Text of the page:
This is a story which, unlike modern horror, does not rely upon shock after interminable shock for its effect. Instead we are treated to a slow build-up of tension most of which occurs in the mind and spirit of the main protagonist. A young solicitor is tasked with searching an old and empty house for documents and papers relating to its dead owner’s estate. A couple of sightings of a strange lady in black near the house and some odd sounds late in the evening constitute the totality of ghostly happenings. In Susan Hill’s superbly capable hands, however, the reader in infused with the same sense of shock and dread suffered by the young solicitor. And the horrific climax, while contrasting sharply with the throat-clutching pace of the rest of the book, is somehow seen as inevitable if somewhat contrived.

The Woman in Black is an outstanding ghost story, full of atmosphere and laden with chills. Aficionados of the genre will love it but try to read it before you see the film version (featuring Harry Potter star, Daniel Radcliffe.)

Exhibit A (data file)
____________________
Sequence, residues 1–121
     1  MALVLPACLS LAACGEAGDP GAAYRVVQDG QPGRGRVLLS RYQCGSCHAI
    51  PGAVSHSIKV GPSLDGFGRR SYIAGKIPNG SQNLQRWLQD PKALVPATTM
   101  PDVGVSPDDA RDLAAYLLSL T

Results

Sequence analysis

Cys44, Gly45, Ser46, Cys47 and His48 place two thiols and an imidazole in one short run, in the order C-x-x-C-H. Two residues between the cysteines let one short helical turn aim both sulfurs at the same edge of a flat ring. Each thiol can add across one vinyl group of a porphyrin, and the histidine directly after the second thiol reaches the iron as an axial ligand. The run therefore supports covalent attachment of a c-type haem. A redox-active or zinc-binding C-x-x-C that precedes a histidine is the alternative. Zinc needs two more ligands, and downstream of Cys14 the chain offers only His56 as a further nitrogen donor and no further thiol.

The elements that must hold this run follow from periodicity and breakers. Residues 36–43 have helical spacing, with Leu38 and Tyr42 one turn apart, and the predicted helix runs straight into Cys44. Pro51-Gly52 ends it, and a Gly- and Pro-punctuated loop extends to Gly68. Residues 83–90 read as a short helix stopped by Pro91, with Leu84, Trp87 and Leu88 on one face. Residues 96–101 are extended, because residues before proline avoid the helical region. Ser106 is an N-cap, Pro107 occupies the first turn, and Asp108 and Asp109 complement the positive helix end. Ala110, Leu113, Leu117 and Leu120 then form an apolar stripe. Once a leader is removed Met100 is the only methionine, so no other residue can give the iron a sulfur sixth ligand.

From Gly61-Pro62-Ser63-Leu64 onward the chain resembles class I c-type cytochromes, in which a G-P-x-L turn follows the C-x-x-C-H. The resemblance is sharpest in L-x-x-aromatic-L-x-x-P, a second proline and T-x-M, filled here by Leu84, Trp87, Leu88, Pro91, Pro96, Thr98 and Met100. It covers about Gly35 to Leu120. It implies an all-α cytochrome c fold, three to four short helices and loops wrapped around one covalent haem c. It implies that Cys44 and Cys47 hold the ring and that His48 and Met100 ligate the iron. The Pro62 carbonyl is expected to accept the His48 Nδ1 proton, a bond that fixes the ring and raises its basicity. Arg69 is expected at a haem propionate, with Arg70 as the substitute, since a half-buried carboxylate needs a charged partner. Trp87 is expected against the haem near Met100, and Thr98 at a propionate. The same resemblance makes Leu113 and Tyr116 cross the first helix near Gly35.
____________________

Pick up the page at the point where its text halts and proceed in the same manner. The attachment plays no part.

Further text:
Inferno: (Robert Langdon Book 4)
Inferno: (Robert Langdon Book 4)
Price: 1.99

3.0 out of 5 stars The Story's The Thing...Here it Ain't, 12 July 2014
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The Story’s the Thing…but here it ain’t!

People have criticised Dan Brown’s writing in the past but his writing’s fine. It’s not Shakespeare but it is more than adequate for the type of books he writes. I do not believe his writing would have come in for so much criticism had he not been so successful. And I believe that success is deserved. Words alone do not make great stories. There has to be imagination, plot, characterisation, and great story telling talent. Brown’s books have all of these.